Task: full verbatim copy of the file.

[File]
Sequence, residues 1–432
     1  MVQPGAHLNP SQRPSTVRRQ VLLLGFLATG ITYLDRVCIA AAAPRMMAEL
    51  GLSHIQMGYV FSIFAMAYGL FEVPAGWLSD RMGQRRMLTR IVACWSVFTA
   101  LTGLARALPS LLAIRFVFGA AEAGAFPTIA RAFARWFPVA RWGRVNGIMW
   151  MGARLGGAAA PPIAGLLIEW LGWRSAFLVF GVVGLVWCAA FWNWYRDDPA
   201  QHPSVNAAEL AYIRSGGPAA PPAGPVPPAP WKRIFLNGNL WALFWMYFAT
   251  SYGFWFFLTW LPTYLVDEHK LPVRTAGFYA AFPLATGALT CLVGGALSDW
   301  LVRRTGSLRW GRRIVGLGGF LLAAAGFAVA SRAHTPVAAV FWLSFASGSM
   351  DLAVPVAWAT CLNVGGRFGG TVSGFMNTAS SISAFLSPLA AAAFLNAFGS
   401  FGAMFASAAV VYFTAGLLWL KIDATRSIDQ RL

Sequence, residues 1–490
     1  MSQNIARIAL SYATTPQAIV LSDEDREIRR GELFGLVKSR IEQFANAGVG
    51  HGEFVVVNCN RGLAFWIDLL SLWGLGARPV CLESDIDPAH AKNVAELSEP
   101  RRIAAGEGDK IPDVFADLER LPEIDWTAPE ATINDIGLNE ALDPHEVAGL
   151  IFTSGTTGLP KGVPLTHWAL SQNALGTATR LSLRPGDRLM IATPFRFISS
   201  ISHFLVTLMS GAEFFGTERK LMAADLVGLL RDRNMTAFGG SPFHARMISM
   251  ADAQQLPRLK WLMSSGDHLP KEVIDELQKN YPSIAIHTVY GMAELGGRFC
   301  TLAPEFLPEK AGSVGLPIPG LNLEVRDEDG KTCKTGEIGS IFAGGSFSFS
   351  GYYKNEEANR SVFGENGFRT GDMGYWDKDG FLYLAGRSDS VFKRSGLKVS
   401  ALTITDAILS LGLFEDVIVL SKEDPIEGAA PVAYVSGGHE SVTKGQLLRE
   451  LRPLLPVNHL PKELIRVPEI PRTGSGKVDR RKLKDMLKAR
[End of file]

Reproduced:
Sequence, residues 1–432
     1  MVQPGAHLNP SQRPSTVRRQ VLLLGFLATG ITYLDRVCIA AAAPRMMAEL
    51  GLSHIQMGYV FSIFAMAYGL FEVPAGWLSD RMGQRRMLTR IVACWSVFTA
   101  LTGLARALPS LLAIRFVFGA AEAGAFPTIA RAFARWFPVA RWGRVNGIMW
   151  MGARLGGAAA PPIAGLLIEW LGWRSAFLVF GVVGLVWCAA FWNWYRDDPA
   201  QHPSVNAAEL AYIRSGGPAA PPAGPVPPAP WKRIFLNGNL WALFWMYFAT
   251  SYGFWFFLTW LPTYLVDEHK LPVRTAGFYA AFPLATGALT CLVGGALSDW
   301  LVRRTGSLRW GRRIVGLGGF LLAAAGFAVA SRAHTPVAAV FWLSFASGSM
   351  DLAVPVAWAT CLNVGGRFGG TVSGFMNTAS SISAFLSPLA AAAFLNAFGS
   401  FGAMFASAAV VYFTAGLLWL KIDATRSIDQ RL

Sequence, residues 1–490
     1  MSQNIARIAL SYATTPQAIV LSDEDREIRR GELFGLVKSR IEQFANAGVG
    51  HGEFVVVNCN RGLAFWIDLL SLWGLGARPV CLESDIDPAH AKNVAELSEP
   101  RRIAAGEGDK IPDVFADLER LPEIDWTAPE ATINDIGLNE ALDPHEVAGL
   151  IFTSGTTGLP KGVPLTHWAL SQNALGTATR LSLRPGDRLM IATPFRFISS
   201  ISHFLVTLMS GAEFFGTERK LMAADLVGLL RDRNMTAFGG SPFHARMISM
   251  ADAQQLPRLK WLMSSGDHLP KEVIDELQKN YPSIAIHTVY GMAELGGRFC
   301  TLAPEFLPEK AGSVGLPIPG LNLEVRDEDG KTCKTGEIGS IFAGGSFSFS
   351  GYYKNEEANR SVFGENGFRT GDMGYWDKDG FLYLAGRSDS VFKRSGLKVS
   401  ALTITDAILS LGLFEDVIVL SKEDPIEGAA PVAYVSGGHE SVTKGQLLRE
   451  LRPLLPVNHL PKELIRVPEI PRTGSGKVDR RKLKDMLKAR